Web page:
In investigating Middle East Respiratory Syndrome Coronavirus (MERS), epidemiologists say a preponderance of infections among male members of a family in Saudi Arabia remains mysterious.

The kingdom first reported the new virus to the World Health Organization last September after a businessman died from acute respiratory and renal failure, with a total of 49 cases including 26 deaths by the end of May. The first of its kind known to infect humans, the virus belongs to the coronaviridae family, with a reputation for genomic plasticity and an ability to cause a range of infections in mammalian and avian species.

In November, the virus attacked an extended family living in Riyadh, with three confirmed cases and one suspected among scores of others in the family and general vicinity who went uninfected. The cluster attack began when a 70-year-old man fell sick in early October with fever, urinary retention, flank pain, diarrhea, renal colic, and urinary tract infection, admitted to the hospital days later with heart failure. In late October, he died in the hospital after suffering cardiogenic and septic shock. Five days later, the man's eldest son, 31 years of age, fell sick and was admitted to the hospital and later discharged after improvement of symptoms - but later returned with acute hypoxemia, dying two days later.

In a familial chain reaction, that man's own son, the 16-year-old grandson of the first patient, began wheezing just the next day, with fever, malaise, sore throat, and a cough. He stopped eating and was admitted to the hospital several days later with a high temperature, diarrhea, abdominal pain, myalgia, headache, and a worsening cough. However, blood tests returned normal liver and renal functioning with routine serum electrolytes, and his condition improved as he was treated with oral antibiotics.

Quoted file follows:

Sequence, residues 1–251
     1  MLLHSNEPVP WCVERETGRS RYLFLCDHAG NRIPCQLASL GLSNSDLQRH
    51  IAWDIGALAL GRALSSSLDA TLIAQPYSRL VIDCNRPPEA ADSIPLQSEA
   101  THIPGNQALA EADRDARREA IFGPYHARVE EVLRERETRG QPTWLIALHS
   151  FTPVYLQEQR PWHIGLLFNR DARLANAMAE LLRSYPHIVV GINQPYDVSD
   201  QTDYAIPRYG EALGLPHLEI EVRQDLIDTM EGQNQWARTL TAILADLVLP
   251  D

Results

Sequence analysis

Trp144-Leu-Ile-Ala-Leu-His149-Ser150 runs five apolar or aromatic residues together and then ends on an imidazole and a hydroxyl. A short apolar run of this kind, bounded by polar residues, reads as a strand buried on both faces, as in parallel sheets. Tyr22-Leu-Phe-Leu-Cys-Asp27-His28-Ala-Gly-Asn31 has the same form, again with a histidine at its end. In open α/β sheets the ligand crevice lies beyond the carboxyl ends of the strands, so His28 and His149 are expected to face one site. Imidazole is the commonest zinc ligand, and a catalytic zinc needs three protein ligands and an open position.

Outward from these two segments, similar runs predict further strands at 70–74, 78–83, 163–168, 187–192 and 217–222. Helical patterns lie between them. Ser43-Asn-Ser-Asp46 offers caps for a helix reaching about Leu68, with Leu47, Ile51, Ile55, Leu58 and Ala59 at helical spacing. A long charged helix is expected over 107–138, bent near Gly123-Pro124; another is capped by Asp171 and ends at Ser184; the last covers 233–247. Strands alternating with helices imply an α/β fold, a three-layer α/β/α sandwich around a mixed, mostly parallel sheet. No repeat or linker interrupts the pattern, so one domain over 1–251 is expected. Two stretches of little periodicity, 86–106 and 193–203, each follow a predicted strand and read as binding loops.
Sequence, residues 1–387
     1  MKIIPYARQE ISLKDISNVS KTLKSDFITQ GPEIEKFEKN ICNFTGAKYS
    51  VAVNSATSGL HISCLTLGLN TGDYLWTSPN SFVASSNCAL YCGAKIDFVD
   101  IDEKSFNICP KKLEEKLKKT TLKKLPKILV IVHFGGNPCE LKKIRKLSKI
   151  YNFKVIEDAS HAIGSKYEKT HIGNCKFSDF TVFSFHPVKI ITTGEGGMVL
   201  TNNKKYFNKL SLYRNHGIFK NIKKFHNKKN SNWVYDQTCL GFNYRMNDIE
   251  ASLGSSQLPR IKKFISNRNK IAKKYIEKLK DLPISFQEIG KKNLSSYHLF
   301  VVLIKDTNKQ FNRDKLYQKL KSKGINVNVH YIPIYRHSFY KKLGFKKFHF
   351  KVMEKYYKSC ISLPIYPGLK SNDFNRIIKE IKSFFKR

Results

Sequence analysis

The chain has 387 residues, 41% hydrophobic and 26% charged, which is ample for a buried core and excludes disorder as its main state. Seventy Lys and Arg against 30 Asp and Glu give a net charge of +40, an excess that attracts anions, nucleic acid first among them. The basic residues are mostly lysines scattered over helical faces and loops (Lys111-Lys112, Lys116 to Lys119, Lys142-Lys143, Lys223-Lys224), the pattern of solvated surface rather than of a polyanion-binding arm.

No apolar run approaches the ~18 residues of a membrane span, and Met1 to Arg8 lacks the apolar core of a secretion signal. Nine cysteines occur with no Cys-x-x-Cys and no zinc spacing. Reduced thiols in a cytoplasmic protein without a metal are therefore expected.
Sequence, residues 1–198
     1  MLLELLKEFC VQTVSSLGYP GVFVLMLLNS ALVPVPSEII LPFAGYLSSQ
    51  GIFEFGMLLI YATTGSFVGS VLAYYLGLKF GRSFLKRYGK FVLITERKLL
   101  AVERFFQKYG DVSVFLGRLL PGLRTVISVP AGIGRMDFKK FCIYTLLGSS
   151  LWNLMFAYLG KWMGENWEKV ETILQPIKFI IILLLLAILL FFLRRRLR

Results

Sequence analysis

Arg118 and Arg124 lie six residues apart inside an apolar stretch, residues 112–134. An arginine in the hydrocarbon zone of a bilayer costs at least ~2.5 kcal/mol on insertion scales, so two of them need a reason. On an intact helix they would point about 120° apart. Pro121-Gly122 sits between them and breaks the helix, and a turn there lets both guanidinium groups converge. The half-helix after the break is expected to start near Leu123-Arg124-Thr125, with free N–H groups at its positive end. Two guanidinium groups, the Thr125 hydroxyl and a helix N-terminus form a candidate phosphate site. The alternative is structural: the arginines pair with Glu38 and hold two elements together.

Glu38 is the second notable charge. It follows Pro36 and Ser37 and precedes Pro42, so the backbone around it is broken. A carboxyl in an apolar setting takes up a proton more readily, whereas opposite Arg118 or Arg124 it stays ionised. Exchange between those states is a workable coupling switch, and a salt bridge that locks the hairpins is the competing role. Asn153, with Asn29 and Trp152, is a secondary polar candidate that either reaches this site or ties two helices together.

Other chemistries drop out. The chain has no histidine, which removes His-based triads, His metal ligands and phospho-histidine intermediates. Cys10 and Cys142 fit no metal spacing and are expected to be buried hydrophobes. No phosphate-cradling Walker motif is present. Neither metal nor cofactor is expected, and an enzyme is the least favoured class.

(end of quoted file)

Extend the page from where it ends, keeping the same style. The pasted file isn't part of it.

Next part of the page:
However, the boy's uncle, the son of the first patient, had fallen sick the day after the boy began coughing and wheezing, and was later taken to the hospital with an acute onset of fever, rigors, and night sweats. He began coughing up blood and phlegm and was treated for coalescing airspace densities in his chest, in addition to leukopenia, and was soon breathing on his own with good vital signs and normal functioning of lung and renal gland. He was discharged from the hospital days later.

In the epidemiological mystery, many family members and a total of 124 health care workers came into contact with the first patient but were not sickened. Intriguingly, none of the women in the family reported a major respiratory illness from September to January, though they had all come into repeated contact with male family members infected with the virus prior to hospitalization. In addition, nine children under the age of 14 came into contact with the infected family members prior to their hospitalization, but none became sick.

An international team of epidemiologists published a report on Wednesday in the New England Journal of Medicine, reporting on "known unknowns" regarding the new disease.

"This report suggests that transmission of MERS occurred among family members but indicates that the risk of MERS infection among close contacts of patients is low, although infection risk is increased in patients with immunosuppression or coexisting illnesses," they wrote. "Although current data indicate that MERS does not appear to be as readily transmissible among humans, as was observed with the SARS epidemic in 2003, continued risk assessment, surveillance, and vigilance by all countries are required."

The researchers said countries around the world should remain vigilant about disease surveillance with regard to travelers who've returned home from the Middle East, for as long as 10 days.

Source: Memish ZA, Zumia AI, Al-Hakeem RF, Al-Rabeeah AA, Stephens GM. Family Cluster of Middle East RespiratorySyndrome Coronavirus Infections. New England Journal of Medicine. 2013.